Federal investigators opened a captivating new chapter in a deadly West, Texas fertilizer plant explosion when they announced that someone deliberately set the fire that sparked it.
But, as with many mysteries, the revelation raises more urgent questions.
Who did it? How? Why? And how do authorities know it was arson?
Anyone wanting answers to those questions immediately will have to wait. The Bureau of Alcohol, Tobacco, Firearms and Explosives says it is still investigating the April 17, 2013, blast at a West Fertilizer Co. plant, which killed 15 people — including a dozen emergency workers — injured 260 and leveled 120 houses, two schools and a nursing home.
The fire was reported about 20 minutes before the detonation, which was fueled by the plant's massive stockpile of ammonium nitrate.
The partial destruction of the city of 2,800 people — marked by a crater 90 feet wide and 10 feet deep —was largely lost in the aftermath of the Boston Marathon bombing, which occurred two days earlier, as the nation remained gripped over the hunt for the killers.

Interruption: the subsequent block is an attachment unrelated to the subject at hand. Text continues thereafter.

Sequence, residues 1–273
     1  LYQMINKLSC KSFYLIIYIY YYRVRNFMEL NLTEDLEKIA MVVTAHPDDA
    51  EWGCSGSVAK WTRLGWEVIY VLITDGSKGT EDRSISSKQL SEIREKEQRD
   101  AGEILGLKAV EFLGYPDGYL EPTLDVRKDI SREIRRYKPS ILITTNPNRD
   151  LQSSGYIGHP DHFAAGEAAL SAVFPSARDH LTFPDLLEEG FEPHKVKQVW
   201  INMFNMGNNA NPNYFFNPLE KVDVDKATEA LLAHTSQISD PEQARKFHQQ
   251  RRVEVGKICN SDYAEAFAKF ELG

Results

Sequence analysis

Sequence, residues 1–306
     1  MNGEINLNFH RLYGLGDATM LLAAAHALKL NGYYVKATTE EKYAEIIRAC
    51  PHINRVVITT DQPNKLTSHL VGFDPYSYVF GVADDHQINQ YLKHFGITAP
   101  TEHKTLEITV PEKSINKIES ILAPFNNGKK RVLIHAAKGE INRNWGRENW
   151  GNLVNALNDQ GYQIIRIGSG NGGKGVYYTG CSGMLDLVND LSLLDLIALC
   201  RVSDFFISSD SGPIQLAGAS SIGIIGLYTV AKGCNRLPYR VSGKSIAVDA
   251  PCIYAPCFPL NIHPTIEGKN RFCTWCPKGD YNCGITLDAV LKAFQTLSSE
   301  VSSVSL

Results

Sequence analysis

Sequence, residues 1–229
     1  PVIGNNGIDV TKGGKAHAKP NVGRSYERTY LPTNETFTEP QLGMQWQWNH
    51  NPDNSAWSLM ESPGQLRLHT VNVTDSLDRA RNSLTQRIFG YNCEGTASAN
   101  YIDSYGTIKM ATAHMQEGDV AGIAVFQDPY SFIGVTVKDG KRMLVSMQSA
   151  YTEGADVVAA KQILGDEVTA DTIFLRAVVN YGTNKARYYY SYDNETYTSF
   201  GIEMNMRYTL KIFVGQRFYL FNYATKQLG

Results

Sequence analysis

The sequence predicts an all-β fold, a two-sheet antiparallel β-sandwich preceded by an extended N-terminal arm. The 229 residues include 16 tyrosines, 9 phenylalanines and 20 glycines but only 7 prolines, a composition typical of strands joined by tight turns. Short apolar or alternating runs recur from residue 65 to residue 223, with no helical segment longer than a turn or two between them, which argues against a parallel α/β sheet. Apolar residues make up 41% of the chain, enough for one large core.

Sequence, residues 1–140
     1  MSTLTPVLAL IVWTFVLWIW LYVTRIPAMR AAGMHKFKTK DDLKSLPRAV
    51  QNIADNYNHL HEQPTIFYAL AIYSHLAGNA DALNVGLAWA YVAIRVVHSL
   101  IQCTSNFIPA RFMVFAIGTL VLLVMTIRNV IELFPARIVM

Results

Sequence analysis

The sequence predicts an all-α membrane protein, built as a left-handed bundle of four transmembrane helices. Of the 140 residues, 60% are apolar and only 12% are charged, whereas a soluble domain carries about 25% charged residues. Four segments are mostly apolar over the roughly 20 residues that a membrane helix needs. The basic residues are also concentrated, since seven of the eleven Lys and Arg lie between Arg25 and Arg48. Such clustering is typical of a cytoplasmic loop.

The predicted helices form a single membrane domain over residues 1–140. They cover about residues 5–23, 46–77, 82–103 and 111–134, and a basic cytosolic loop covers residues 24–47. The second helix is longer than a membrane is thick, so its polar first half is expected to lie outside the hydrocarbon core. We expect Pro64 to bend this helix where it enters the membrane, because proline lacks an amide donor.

Now that it has ruled out accidental causes, the ATF is offering a $50,000 reward for help finding the person who set the West fire.
"We don't know what they were thinking," Special Agent Robert Elder told reporters Wednesday. But, he added, "I think we're on the right track."
That track apparently includes a sitting grand jury, which, according to Houston NBC affiliate KPRC, has issued subpoenas.
At the same time, many victims and their families are seeking civil judgments from an array of companies linked to the blast, with some due to head to trial soon (West Fertilizer Co. went out of business). Some companies have argued that they cannot defend themselves without knowing the results of the ATF's criminal investigation. The ATF has not given a timeline for the release of its final report, which could in turn prompt a new flurry of lawsuits.
Some answers were provided in a report issued in January by the U.S. Chemical Safety Board, which pointed out a variety of factors that contributed to the explosion, ranging from poor construction and storage to subpar fire-protection systems and weak effective government regulations.
The board said it could not determine the precise cause.
The town of West, meanwhile, continues to rebuild. A combined middle school and high school is under construction, according to the Waco Tribune-Herald. More than half the destroyed homes have been replaced. There's a new nursing home. Streets and utility lines are slowly being pieced back together.